The way we communicate with our kids is often something that we take for granted, but when it comes down to it, it makes all the difference in the world. According to new research, the dialogue between parent and child can impact whether or not your child goes on to do a great thing.
It has long been understood that the more words a child is exposed to, the higher their academic achievements will be down the road. Various studies have shown just that. However, it goes deeper than just the amount of words that they are exposed to, according to a recent study. Not only is the variety of words important, but it’s also important to focus on the type of conversation you are having with your kid.
The research was carried out by MIT, and in the study, they assert that children from higher-earning families have been quality of conversation with their parents, which ultimately shapes their academic performance later on down the line. However, because the conversation is something that anyone can do, scientists say that it’s important for parents to remember to talk with their children, not just to them.
This body of research doesn’t stand on its own either, as child development professor Katelyn Kurkel, Ed.D explains that the frequency and contact of parents’ interactions with their kids completely shape who they become.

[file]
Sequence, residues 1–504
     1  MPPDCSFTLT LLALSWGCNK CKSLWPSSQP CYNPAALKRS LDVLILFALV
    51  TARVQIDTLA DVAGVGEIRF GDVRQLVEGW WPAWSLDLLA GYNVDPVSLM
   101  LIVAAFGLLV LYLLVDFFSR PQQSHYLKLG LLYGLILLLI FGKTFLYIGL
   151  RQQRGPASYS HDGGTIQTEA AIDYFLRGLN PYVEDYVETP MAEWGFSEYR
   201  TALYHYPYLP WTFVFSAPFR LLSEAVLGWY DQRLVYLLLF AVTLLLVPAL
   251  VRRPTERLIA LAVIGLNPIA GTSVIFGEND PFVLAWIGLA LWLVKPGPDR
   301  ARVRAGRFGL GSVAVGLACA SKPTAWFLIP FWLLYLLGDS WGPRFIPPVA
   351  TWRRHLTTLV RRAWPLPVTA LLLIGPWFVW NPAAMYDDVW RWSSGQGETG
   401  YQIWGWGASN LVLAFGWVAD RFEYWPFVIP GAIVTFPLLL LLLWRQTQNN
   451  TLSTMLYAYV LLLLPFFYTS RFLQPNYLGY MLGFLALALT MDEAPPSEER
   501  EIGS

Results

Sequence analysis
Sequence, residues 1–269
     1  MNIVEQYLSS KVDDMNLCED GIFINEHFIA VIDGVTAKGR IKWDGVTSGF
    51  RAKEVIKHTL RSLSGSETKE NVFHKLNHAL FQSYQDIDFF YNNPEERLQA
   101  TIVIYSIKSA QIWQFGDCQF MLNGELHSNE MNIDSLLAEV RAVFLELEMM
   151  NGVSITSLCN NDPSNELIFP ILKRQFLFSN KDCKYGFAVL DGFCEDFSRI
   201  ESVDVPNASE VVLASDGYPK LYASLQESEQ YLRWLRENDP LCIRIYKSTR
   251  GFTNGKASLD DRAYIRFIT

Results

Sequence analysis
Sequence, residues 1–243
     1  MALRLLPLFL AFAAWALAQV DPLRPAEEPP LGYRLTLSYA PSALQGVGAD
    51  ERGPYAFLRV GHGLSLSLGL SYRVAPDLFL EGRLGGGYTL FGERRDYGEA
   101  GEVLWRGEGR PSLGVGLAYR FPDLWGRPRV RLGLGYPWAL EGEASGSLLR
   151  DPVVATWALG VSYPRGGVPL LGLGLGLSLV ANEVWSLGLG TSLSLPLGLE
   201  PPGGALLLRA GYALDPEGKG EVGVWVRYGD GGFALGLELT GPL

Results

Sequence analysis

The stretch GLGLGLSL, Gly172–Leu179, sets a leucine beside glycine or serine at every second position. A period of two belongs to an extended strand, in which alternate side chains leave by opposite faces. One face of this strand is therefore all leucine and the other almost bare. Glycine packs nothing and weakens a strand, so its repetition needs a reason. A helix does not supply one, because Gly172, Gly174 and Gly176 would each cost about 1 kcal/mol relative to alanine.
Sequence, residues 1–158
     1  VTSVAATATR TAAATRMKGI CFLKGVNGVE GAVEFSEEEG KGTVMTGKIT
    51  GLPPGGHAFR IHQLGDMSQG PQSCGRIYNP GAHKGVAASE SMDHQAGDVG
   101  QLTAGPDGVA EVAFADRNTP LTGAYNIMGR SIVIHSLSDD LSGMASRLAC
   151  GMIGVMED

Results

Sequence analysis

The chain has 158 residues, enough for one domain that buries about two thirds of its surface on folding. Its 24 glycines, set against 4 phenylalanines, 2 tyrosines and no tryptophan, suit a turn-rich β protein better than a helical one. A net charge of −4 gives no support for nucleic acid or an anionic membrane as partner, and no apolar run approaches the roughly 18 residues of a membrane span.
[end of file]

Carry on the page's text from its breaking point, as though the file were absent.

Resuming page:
Kurkel has carried out research of her own, and in it, she separated the two groups based on socioeconomic status. She says that while the questions asked by the children in both groups were quite similar, the parent’s answers differed. For example, the children would ask, “How does a switch work?” The answer to that could be, “The switch connects the circuit. Right now, the switch is open, and when you close it, you’re switching it to turn, and it closes the circuit and powers it all the way through.”
Another parent might respond, “You turn it on and off.”
More in-depth answers were quite common among wealthier families, and by using more mechanistic language, they were far more likely to give ‘non-circular’ answers as their response. What this means, is that instead of saying, “Daddy went out,” when asked where their father went, they would provide more clear answers (that don’t go in circles.)
More exposure to mechanistic language boosts brain development and leads to better academic outcomes later down the road. What’s interesting is that we’ve known for quite some time that exposure to more words would lead to better outcomes, however, this study shows that it goes deeper than that. And it explores the socioeconomic roles at play, as well.